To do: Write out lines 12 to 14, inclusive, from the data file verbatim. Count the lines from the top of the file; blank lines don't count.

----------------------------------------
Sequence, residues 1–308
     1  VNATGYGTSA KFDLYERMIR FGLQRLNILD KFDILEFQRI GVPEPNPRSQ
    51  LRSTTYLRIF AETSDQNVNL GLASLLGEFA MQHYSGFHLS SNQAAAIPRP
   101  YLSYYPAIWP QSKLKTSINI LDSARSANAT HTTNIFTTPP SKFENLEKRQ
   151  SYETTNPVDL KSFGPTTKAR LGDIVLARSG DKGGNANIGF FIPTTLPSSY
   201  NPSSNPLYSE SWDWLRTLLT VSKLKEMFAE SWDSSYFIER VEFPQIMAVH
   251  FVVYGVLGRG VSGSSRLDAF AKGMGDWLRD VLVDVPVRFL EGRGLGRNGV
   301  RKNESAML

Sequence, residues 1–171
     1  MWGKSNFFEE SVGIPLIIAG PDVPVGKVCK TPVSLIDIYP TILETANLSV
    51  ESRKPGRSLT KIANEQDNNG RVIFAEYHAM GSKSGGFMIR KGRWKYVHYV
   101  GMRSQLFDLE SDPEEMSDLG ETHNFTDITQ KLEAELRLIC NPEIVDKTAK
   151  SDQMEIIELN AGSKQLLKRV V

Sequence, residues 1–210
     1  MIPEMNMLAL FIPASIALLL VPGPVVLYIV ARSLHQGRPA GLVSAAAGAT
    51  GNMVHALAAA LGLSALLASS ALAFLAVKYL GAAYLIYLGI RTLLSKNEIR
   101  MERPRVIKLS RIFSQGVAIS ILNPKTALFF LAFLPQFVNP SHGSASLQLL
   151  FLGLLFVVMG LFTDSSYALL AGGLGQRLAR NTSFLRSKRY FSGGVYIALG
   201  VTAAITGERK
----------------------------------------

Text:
   101  GMRSQLFDLE SDPEEMSDLG ETHNFTDITQ KLEAELRLIC NPEIVDKTAK
   151  SDQMEIIELN AGSKQLLKRV V

Sequence, residues 1–210